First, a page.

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Baccalieu Collegiate strives to include LGBTQ community

Students gathered outside Baccalieu Collegiate on Thursday morning, May 17 to paint a second crosswalk with rainbow colours.
Students gathered outside Baccalieu Collegiate on Thursday morning, May 17 to paint a second crosswalk with rainbow colours. - Chris Lewis

Old Perlican school creates welcoming environment for all

OLD PERLICAN, NL — Students at Baccalieu Collegiate have been working hard to spread a message of inclusivity.

When approaching one of Baccalieu’s entrances, it would be difficult to not feel welcome from the moment you step onto the parking lot. This feeling can likely be attributed to all the work students at the school have put into ensuring their school is one where people of all walks of life feel included.

From the heartwarming notes that dot the hallway walls to the newly painted walkways leading into the building, there is no shortage of efforts made by students at this Grade 7-12 school.

This ongoing theme is nothing new to both students and staff at Baccalieu Collegiate. Despite rainbow-painted crosswalks, and inclusion of the LGBTQ community in general, teacher Maureen Gillingham said students had been planning projects such as this for a while. She says the idea to paint one of the school’s walkways was something the student council had been sitting on for a number of months.

“We elect a student council every year in October, and last year they asked if they could have permission to buy some paint to paint (the walkway) rainbow colours,” Gillingham explained. “We had worked with a couple students here who were talking about certain things – sexuality, and everything that goes along with it – and we recognized that maybe, as a student council, this was something we could tackle as a group.”

From there, a project spanning three weekends was started, where students painted rocks a multitude of colours to line the entrances to the school. Now, these rocks can be seen along the sidewalks around the school, acting as the beginning of a larger project centered around inclusion.

The idea to paint the walkway came soon after this. However, due to Newfoundland’s unpredictable weather — alongside the many extracurricular activities students were involved in — it was difficult for them to find a time during the weekends that worked for everyone. So, the paint sat in the school for approximately six months before the group could get together and give the project the time and dedication they felt it deserved.

“It was actually months before the situation in Springdale happened that we had this planned, it was just difficult for us to find a good time to get together, where the weather was actually good enough to be out there at it,” Gillingham said. “The rocks were done, that was phase one, but we needed to get phase two going before it was too late. We had the paint, so it was just a matter of putting it to use.”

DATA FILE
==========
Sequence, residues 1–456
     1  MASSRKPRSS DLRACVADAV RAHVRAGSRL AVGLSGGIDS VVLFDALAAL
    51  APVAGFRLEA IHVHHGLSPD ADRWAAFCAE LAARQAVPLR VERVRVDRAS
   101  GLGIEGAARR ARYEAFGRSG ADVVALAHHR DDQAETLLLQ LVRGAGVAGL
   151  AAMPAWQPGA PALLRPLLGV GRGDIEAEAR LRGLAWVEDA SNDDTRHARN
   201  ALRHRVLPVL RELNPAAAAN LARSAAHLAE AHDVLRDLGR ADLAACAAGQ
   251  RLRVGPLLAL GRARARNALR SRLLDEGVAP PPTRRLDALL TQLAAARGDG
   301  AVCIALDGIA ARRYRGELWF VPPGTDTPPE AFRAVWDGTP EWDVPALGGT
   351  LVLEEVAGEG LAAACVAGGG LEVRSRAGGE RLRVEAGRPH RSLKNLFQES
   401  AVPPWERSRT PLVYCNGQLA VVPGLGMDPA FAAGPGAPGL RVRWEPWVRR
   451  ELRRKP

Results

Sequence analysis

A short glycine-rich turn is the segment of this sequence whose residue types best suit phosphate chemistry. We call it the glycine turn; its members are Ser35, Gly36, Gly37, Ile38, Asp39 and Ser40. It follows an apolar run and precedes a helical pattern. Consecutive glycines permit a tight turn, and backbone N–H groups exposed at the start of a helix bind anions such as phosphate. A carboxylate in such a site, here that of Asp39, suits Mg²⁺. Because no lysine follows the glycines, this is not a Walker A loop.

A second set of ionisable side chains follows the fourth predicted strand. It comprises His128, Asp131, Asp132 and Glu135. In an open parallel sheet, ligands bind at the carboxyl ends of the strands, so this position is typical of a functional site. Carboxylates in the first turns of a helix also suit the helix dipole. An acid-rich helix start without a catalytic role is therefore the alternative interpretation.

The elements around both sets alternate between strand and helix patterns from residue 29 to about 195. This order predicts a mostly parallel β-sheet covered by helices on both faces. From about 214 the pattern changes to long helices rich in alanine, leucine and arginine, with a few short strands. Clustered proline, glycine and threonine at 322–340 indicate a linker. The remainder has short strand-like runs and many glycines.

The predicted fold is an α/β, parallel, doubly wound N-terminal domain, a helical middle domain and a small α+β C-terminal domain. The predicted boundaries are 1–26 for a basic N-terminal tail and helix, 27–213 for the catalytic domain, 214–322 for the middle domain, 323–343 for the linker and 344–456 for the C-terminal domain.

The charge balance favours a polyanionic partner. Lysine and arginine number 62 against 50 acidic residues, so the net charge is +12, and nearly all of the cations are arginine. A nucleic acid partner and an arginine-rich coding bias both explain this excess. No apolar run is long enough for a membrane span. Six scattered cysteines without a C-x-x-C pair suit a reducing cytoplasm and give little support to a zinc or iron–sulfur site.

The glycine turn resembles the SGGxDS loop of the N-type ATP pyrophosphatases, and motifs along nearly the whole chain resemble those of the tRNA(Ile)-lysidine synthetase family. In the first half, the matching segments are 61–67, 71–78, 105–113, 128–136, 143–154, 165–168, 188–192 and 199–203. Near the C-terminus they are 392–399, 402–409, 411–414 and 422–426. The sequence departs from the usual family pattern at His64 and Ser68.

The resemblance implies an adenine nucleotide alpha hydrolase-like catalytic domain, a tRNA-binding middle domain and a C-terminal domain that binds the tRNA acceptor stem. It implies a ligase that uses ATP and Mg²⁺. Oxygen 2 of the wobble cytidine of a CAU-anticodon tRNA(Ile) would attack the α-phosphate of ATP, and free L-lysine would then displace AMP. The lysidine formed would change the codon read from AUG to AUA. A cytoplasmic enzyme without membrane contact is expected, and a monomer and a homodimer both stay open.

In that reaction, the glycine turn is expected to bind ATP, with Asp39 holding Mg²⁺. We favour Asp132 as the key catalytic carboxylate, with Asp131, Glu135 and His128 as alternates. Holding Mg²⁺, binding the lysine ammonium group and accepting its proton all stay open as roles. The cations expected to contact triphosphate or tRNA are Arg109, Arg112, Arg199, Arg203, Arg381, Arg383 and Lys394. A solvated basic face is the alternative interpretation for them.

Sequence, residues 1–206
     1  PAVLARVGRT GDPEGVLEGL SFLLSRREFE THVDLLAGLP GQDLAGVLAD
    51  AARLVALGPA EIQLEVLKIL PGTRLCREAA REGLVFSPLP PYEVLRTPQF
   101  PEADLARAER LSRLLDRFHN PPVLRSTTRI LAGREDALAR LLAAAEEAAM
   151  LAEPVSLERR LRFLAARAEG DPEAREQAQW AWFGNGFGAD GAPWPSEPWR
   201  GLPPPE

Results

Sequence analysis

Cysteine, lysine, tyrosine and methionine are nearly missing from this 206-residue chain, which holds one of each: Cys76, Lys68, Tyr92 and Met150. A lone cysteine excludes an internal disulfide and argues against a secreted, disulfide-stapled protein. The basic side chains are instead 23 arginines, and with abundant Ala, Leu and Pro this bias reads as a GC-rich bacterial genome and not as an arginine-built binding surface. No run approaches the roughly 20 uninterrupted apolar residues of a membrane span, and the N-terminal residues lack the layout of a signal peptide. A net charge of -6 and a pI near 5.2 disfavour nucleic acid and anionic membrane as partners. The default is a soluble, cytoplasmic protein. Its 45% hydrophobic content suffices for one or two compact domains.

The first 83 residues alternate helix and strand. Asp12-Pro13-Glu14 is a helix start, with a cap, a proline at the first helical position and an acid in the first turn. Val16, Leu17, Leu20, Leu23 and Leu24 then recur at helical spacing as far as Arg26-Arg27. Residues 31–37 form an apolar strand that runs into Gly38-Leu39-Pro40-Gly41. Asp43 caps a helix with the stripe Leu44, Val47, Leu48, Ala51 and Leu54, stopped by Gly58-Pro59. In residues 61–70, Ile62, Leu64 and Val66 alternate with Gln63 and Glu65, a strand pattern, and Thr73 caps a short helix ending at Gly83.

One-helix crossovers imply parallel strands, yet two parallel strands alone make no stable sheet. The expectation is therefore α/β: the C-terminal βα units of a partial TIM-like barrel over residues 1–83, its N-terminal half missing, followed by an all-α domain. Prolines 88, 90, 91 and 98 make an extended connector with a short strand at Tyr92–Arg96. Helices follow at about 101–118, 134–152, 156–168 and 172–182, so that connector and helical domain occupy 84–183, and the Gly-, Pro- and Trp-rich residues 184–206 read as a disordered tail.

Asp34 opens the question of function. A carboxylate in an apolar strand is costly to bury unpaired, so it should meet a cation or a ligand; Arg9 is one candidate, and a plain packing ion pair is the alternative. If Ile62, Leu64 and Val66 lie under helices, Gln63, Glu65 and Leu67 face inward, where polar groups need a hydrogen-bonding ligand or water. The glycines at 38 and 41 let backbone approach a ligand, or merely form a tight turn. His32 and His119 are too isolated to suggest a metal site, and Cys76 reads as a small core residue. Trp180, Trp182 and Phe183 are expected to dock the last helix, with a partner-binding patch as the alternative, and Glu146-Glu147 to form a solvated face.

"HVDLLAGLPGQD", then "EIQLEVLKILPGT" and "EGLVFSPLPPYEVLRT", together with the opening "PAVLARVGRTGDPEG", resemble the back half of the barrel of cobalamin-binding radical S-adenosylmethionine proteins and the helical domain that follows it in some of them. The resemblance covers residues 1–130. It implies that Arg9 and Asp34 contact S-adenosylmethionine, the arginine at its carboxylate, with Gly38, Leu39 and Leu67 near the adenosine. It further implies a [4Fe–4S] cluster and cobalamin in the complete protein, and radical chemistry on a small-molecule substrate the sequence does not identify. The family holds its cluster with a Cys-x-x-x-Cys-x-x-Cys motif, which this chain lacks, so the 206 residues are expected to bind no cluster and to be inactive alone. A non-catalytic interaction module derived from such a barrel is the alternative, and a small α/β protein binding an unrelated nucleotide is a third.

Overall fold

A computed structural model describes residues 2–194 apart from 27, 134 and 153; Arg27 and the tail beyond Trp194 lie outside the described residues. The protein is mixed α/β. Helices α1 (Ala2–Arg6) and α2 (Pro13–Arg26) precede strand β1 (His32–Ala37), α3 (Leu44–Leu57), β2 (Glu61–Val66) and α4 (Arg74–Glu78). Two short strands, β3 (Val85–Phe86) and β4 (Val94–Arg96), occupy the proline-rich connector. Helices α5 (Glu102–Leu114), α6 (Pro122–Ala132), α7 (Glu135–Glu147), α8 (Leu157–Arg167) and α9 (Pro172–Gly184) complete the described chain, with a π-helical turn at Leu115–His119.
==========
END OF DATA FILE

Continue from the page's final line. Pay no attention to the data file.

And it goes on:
With the help of Amanda Powell-Sellars, the school’s art and technology teacher, the group was able to get the second phase of their project going. This all came to fruition around the same time that a similar rainbow-coloured crosswalk idea was denied by council members in Springdale, something Gillingham worried would be wrongly connected to Baccalieu’s efforts.

“I was afraid it was going to be perceived that we were doing this because a reaction to Springdale – it wasn’t,” she said. “In fact, we’ve had this in the works for months prior, because inclusion is something that’s been sort of an ongoing theme with students here for years and years.”

Positivity

This feeling of inclusion that students have been striving for can be felt from within the school’s walls, as well. Bright coloured sticky notes can be seen in a number of places around the school, each with a heartwarming, uplifting message to share to anyone who may need it.

This idea, which was named the You’re Worth It Movement, came from students Brittany Wheeler and Sydney Knapman, who said they understood how much of an impact the little things can have on an individual.

“There’s quite a bit of negativity around, and that can be draining,” Wheeler said.

“We thought, well, maybe people just need a reminder.”

“When someone next to you is complaining or saying something negative, now you can just look up at the wall and see something positive,” Knapman added. “A small inspirational quote or tidbit can do a lot for someone, I think.”

With notes along the walls reminding people that “difficult roads lead to beautiful destinations,” or colourful crosswalks welcoming anyone and everyone, Baccalieu Collegiate’s strive for inclusion and acceptance, in the eyes of students and staff, has been a successful one, with no end to the projects in sight.

chris.lewis@cbncompass.ca

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